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1.  Social Competence Intervention for Parents (SCI-P): Comparing Outcomes for a Parent Education Program Targeting Adolescents with ASD 
Autism Research and Treatment  2012;2012:681465.
Research has shown that parent education programs can address some of the distinct challenges that parents of youth with autism spectrum disorders (ASDs) encounter. This study examined the effectiveness of the Social Competence Intervention for Parents (SCI-P), a parent education program, administered in conjunction with a social competence intervention that targeted youth with ASD ages 11–14 (SCI-A). Using a quasi-experimental pre-post design, parents were assigned to either the SCI-P group (n = 16) or to the waitlist comparison group (n = 10). Analyses of covariance (ANCOVAs) revealed a significant effect for parent education participation such that SCI-P participants experienced significantly greater reductions in levels of stress and a trend for increases in parenting sense of competence from pre- to post-intervention. Moreover, parents in the SCI-P group reported high satisfaction with the program. These findings suggest that parent education can result in positive outcomes for parents' well being.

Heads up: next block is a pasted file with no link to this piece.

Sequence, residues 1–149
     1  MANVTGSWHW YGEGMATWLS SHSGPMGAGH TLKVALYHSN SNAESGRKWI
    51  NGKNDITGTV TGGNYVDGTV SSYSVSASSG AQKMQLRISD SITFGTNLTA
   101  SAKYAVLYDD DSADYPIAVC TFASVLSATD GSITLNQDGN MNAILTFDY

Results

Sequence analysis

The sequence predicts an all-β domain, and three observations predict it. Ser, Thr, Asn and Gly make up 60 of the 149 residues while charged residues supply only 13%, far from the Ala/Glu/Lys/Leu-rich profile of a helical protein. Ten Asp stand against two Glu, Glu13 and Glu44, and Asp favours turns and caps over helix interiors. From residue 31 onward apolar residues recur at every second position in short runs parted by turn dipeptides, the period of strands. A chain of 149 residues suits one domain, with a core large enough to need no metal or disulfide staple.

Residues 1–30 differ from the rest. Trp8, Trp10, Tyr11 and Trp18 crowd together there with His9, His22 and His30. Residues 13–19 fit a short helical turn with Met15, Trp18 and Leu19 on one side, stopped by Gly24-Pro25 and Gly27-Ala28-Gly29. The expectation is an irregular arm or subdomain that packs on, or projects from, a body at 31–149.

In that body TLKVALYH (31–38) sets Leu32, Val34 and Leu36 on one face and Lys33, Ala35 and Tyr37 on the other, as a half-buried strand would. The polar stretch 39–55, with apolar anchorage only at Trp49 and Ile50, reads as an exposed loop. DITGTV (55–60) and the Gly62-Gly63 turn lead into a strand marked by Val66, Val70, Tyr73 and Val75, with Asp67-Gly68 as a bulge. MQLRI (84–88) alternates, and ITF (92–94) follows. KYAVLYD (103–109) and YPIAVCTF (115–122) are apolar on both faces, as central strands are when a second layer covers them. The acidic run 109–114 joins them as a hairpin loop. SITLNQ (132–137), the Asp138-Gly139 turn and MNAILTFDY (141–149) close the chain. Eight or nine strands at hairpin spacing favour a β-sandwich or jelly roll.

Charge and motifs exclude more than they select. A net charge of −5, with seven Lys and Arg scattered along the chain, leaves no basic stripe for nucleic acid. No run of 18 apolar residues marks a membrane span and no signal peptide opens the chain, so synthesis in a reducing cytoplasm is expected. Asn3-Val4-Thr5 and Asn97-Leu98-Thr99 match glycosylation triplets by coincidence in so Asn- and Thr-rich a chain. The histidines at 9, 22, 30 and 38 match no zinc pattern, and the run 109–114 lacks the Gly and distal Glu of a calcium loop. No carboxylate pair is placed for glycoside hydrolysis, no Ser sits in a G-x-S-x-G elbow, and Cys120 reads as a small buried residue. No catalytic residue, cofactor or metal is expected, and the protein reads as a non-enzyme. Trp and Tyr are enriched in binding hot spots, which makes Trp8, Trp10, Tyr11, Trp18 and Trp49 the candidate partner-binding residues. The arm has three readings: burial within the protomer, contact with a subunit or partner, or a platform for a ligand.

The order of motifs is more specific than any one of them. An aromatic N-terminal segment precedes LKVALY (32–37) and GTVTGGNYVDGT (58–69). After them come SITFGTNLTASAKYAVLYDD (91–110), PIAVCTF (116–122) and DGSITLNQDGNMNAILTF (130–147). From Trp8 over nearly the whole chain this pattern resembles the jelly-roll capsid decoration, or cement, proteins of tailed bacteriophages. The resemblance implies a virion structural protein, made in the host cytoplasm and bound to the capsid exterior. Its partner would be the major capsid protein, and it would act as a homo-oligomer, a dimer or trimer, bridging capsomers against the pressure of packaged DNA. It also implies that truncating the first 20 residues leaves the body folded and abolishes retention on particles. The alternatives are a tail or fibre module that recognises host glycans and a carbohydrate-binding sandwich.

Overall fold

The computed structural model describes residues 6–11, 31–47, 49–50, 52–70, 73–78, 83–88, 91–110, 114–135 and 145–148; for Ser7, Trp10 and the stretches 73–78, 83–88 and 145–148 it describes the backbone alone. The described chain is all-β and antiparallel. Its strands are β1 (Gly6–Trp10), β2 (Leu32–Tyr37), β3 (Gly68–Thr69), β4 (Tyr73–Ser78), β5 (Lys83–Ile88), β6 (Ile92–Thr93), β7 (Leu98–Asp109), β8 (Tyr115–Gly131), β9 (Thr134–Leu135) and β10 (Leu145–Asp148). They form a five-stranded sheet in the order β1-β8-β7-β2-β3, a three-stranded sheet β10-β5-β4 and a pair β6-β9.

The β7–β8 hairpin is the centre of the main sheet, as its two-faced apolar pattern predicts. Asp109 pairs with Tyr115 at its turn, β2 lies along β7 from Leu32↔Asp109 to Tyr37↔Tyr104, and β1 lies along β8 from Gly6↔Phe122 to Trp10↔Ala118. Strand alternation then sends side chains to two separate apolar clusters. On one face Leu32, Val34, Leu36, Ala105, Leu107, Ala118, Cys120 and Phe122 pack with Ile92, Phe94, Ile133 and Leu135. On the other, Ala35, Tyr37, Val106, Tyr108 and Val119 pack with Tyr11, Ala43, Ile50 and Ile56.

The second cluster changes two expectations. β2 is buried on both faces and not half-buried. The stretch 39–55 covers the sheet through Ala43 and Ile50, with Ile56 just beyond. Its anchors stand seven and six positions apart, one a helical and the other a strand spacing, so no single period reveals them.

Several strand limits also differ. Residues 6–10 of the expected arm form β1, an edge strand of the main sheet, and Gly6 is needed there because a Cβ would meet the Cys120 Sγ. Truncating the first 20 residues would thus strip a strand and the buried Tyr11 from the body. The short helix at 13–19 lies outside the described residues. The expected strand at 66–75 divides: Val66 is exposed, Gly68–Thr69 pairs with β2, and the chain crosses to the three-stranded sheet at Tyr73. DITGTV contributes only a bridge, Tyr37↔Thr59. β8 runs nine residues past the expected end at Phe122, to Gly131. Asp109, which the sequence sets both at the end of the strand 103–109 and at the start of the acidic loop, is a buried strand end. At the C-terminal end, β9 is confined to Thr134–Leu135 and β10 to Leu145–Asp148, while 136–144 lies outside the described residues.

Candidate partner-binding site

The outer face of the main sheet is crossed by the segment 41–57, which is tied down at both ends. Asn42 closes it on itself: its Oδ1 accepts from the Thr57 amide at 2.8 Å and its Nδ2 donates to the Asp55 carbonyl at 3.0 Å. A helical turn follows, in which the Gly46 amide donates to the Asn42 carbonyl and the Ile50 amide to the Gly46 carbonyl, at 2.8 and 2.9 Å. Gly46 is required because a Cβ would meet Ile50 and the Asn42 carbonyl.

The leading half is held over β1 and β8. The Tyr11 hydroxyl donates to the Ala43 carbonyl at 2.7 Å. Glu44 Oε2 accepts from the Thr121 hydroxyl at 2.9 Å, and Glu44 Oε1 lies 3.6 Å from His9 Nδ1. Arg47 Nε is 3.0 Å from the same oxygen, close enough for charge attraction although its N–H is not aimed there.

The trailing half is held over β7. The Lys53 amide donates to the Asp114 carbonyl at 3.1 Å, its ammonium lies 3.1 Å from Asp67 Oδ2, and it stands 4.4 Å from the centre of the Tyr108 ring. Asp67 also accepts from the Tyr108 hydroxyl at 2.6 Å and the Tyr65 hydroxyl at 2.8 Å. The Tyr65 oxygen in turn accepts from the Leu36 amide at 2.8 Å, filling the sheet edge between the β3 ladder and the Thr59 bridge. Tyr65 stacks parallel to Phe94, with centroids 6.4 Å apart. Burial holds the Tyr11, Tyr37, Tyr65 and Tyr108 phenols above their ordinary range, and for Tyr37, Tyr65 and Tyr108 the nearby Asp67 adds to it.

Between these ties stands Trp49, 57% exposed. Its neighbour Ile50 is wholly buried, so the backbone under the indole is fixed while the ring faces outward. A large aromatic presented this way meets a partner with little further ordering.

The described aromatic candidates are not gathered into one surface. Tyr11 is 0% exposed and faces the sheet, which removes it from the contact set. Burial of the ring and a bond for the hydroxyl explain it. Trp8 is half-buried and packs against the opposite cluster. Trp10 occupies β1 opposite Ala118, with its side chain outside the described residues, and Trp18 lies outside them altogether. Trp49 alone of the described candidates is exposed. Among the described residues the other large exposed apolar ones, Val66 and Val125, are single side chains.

PMCID: PMC3420508  PMID: 22934178
2.  An Initial Investigation of the Generalization of a School-Based Social Competence Intervention for Youth with High-Functioning Autism 
Autism Research and Treatment  2011;2011:589539.
This study evaluated the impact of generalization of the Social Competence Intervention-Adolescent (SCI-A) curriculum in a school setting for individuals with high-functioning autism or Asperger's Syndrome (N = 6). This study examined to what degree the generalization of the SCI-A curriculum could be measured when delivered in a school setting. Across the six participants preliminary results suggest improvement on teacher reports of social skills and executive functioning. Some improvements were also evident in direct measures of facial-expression recognition. Data collected in the nonintervention settings indicated that some generalization of social interaction skills may have occurred for all six participants. Future research directions are discussed.
PMCID: PMC3420545  PMID: 22937252

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